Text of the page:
- Jeb Wallace-Brodeur
- Tom Pelham
Gov. Phil Scott's appointment of Tom Pelham to the Green Mountain Care Board has attracted a fair share of critics who are concerned about the lack of medical expertise on the board and about Pelham's track record as a critic of health care reform.
The board has broad authority over health care reform and the final word on insurance rates, hospital budgets and capital investments. Pelham is a formidable choice. He's an expert in state finances and has served in the administrations of four governors. In a written statement, Scott's communications director, Rebecca Kelley, cited that experience as a key factor in the governor's choice.
"Given that he was replacing Con Hogan — someone with extensive institutional knowledge and experience in state government — Gov. Scott thought it was important to appoint someone with a similar background," Kelley wrote. Hogan is a former human services secretary and gubernatorial candidate who's a widely respected source of knowledge about all aspects of the government.
But Pelham's appointment means that the state's medical community remains unrepresented on the board. Its other four members are former state senator Kevin Mullin, finance professional Maureen Usifer, economist Jessica Holmes and Robin Lunge, formerly governor Peter Shumlin's director of health care reform.
"I was really surprised [Scott] didn't choose a health care provider," says Sen. Claire Ayer (D-Addison). "It makes so much sense; you don't have regulations about electricians or plumbers without any practitioners involved."
On November 4, two days after Pelham's appointment, Vermont Medical Society members passed a resolution calling for a law mandating that, in the future, the board would have to include at least one health care provider. Deborah Snell, president of the American Federation of Teachers Vermont, which represents many of the state's nurses, says her union would "absolutely support" the society's proposal.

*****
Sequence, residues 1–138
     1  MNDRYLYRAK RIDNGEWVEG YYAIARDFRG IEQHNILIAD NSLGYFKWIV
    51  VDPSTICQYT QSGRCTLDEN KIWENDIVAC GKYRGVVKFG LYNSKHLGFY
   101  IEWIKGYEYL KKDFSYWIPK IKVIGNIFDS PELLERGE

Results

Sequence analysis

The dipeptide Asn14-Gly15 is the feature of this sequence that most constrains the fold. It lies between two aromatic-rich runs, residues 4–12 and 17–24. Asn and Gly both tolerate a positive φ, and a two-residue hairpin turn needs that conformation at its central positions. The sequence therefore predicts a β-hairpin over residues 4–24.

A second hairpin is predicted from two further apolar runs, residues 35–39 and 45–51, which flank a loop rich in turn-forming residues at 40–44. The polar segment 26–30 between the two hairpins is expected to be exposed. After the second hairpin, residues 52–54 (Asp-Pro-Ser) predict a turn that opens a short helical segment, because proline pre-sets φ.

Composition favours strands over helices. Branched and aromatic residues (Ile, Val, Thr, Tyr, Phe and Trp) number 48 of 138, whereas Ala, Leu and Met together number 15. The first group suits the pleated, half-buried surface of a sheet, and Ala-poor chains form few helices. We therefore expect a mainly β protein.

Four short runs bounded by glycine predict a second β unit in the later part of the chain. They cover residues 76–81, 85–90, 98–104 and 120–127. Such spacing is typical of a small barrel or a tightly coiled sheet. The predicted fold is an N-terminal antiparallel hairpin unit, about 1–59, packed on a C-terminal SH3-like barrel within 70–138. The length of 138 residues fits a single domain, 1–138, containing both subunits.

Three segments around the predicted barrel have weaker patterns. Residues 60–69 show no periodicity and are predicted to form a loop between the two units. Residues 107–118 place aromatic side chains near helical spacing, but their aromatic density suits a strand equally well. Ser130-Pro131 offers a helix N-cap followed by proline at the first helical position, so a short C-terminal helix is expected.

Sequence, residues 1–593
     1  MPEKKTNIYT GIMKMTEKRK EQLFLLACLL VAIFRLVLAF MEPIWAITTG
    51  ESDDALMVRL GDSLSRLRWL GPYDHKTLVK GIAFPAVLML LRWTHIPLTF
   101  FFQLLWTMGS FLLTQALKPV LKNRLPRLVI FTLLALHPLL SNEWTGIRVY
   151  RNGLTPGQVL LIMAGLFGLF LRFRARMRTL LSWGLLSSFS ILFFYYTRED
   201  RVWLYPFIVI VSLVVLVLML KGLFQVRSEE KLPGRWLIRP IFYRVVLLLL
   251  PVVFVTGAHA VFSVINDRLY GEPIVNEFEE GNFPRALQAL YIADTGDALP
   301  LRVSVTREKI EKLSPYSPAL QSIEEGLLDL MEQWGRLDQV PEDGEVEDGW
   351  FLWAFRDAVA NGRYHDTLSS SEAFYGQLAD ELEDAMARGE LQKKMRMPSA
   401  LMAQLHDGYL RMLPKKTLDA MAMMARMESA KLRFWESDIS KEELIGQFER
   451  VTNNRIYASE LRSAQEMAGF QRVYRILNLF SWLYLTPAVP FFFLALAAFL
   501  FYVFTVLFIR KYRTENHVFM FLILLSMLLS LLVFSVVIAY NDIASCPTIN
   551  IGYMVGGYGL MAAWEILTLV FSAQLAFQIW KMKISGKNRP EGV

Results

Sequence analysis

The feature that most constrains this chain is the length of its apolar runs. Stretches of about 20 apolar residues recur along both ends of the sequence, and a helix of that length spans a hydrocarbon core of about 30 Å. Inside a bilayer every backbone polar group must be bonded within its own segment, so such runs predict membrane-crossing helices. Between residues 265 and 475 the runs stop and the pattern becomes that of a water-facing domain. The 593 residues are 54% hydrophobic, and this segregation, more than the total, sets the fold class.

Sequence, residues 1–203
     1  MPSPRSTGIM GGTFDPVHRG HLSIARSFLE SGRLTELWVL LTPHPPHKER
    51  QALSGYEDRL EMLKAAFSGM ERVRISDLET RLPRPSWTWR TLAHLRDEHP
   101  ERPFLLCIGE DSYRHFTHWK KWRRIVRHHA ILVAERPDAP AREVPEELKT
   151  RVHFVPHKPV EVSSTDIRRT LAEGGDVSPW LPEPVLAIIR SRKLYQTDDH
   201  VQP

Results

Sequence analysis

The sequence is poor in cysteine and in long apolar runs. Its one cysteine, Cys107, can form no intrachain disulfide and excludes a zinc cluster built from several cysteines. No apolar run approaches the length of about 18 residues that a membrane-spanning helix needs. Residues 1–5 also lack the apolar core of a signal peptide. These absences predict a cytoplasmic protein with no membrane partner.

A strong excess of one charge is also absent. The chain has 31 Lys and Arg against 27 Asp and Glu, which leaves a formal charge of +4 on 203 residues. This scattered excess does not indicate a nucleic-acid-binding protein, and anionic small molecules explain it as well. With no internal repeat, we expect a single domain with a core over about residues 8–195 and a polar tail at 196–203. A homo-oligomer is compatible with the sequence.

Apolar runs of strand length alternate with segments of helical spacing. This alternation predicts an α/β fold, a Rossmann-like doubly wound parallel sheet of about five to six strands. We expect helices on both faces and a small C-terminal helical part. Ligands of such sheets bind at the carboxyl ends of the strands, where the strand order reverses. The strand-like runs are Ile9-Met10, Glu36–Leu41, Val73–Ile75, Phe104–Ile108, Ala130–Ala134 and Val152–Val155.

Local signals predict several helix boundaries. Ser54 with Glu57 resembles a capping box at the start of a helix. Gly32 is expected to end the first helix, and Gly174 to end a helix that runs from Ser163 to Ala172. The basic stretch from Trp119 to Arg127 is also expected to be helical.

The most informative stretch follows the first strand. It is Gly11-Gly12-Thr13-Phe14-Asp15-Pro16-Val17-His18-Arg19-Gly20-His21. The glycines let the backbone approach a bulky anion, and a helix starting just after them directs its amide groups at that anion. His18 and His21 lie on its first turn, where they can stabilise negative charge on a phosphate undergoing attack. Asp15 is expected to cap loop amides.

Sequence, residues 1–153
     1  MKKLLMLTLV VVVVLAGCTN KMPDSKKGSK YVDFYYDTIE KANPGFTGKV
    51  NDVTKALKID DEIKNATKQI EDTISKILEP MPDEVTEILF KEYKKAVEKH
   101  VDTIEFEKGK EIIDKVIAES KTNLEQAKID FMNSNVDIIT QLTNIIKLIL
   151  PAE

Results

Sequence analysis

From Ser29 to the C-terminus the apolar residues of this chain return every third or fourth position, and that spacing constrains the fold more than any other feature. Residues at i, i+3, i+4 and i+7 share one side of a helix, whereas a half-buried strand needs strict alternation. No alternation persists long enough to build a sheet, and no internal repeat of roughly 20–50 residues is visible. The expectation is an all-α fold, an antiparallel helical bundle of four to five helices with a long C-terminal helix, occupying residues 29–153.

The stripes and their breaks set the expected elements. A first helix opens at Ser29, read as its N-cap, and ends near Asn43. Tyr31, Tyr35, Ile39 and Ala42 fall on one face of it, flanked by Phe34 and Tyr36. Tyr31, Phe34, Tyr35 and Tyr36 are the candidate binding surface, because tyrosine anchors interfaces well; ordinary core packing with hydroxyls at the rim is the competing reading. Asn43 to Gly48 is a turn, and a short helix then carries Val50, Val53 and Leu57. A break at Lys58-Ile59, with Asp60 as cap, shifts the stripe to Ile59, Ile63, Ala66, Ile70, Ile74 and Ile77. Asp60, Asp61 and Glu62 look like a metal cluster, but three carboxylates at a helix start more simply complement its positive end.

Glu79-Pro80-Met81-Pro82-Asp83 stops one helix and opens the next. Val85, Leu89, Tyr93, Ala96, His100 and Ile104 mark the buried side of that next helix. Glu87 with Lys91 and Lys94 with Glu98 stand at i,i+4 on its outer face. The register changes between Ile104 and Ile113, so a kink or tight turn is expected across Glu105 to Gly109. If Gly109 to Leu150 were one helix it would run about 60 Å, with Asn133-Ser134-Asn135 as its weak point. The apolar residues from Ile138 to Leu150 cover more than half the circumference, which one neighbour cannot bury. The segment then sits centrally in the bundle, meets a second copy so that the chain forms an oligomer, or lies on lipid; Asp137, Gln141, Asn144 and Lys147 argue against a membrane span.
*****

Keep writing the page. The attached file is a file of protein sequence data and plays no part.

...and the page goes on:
"It makes a big difference if at least one member is a health care professional," says Jessa Barnard, the medical society's incoming executive vice president. "It's conceptual versus reality. Are concepts going to work on the ground? What do they mean for patients?" She emphasized that the society has no beef with Pelham specifically; its resolution had been in the works for months.
Kelley pushes back on the idea. "Generally, it'd be questionable to appoint an active utility executive to the Public Utility Commission," she wrote, "so there is a question about appointing an active health care provider to a board that has oversight of the health care system, which includes the provider community."
That's a substantial change in philosophy. As recently as last September, two members of the board were health care professionals.
Pelham describes himself as an independent. He was finance commissioner under Democratic governor Howard Dean, and tax commissioner under Republican governor Jim Douglas. But, in recent years, he has been a vociferous critic of Democratic fiscal policies and health care reform efforts — including Act 48, the legislation that created the Green Mountain Care Board itself.
"Act 48, Vermont's 'first in the nation' health care reform effort, has brought anything but reform," Pelham wrote in an April 2016 opinion piece posted on VTDigger.org. He chronicled a lengthy list of offenses: Vermonters "herded into insurance policies not of their choosing"; employers being assessed fees for failing to provide insurance coverage; and "the provider network ... being corralled into a few large [health care] monopolies overseen by a five-person board appointed by the governor."